To prepare an field soil modeled for ecological study of Pythium spp., the field soil was heat-treated with water vapor-saturated air for eliminating native populations of Pythium spp. without disturbing physical and chemical properties of the soil. Oospores of P. spinosum or P. aphanidermatum were then introduced to the treated soil and the untreated soil to observe their germination patterns. These patterns varied with species and seasons, but there was few difference between the soils.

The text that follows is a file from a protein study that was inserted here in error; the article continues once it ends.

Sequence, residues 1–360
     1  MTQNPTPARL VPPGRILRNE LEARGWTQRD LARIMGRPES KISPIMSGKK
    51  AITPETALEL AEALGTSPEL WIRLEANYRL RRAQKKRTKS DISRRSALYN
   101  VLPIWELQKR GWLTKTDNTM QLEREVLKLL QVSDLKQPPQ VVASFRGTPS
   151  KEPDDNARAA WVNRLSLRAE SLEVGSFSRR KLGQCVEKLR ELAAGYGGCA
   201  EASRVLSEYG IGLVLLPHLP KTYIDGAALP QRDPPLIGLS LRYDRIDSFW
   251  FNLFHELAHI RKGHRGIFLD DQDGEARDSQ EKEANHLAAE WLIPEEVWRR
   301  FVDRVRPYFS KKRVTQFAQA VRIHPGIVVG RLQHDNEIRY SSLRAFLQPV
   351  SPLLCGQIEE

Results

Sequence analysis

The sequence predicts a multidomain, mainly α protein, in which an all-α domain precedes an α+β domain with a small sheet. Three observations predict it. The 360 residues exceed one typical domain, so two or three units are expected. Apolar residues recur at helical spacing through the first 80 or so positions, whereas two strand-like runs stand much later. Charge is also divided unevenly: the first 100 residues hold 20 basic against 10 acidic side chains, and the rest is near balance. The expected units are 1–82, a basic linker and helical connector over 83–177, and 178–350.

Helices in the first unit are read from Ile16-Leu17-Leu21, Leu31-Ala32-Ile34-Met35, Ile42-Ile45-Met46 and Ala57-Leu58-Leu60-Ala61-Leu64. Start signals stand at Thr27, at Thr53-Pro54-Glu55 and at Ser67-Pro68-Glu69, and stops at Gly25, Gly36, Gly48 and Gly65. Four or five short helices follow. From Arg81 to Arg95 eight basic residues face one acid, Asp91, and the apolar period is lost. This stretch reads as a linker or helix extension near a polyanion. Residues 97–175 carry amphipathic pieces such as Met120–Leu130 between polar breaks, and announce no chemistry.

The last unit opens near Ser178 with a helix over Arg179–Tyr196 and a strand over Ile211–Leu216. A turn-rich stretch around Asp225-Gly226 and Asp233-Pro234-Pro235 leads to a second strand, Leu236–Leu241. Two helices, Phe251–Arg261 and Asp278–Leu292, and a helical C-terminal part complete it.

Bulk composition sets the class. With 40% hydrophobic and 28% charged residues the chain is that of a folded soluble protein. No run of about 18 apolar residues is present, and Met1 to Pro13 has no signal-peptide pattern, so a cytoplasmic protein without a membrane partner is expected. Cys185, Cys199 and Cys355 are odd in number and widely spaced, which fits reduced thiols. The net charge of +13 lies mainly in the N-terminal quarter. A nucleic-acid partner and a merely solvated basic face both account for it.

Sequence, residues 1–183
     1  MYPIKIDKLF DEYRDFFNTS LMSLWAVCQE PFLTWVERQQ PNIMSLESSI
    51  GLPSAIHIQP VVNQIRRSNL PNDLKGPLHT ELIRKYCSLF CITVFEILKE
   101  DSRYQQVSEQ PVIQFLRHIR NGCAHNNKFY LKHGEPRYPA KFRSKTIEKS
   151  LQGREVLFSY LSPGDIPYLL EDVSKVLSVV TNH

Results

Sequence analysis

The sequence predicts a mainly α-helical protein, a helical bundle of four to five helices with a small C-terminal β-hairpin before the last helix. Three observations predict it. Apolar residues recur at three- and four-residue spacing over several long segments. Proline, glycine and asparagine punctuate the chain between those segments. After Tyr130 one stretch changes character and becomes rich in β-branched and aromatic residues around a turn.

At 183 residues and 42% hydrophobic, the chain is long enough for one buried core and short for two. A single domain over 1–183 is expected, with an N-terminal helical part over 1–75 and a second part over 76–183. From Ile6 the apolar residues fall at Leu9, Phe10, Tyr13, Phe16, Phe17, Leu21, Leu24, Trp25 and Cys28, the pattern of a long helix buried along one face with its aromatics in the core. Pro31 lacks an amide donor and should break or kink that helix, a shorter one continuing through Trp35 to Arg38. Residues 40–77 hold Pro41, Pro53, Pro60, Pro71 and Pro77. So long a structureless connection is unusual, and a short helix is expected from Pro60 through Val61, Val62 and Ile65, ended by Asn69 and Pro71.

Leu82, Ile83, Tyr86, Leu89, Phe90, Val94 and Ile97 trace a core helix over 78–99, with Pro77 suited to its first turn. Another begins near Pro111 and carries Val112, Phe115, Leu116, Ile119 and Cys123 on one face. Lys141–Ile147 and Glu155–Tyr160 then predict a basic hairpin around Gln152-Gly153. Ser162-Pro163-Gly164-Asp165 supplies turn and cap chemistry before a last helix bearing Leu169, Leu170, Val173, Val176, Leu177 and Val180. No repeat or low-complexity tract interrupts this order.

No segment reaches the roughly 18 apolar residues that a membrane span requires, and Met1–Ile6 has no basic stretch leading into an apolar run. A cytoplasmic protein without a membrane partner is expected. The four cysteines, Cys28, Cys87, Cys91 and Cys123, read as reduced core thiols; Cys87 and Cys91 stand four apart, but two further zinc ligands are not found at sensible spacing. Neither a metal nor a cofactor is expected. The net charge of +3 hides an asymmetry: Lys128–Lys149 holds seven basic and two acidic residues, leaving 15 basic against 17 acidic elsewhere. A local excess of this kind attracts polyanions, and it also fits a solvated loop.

In the fall of 1989, a new disease was found on Sesbania, tropical leguminous manure crops, in Niigata, Japan. Dark green to grayish brown lesions appeared on the stems, petioles, leaf blades and pods of the plants. A species of Botrytis was isolated from those lesions. The fungus isolated was pathogenic to fruits of eggplant, cucumber and green pepper. Conidia were obovoid to ellipsoid, 1-celled, hyaline or pale brown. The optimum temperature for mycelial growth was 20-25°C on PSA medium. The causal agent was identified as Botrytis cinerea Persoon. “Gray mold of Sesbania” was proposed to the disease.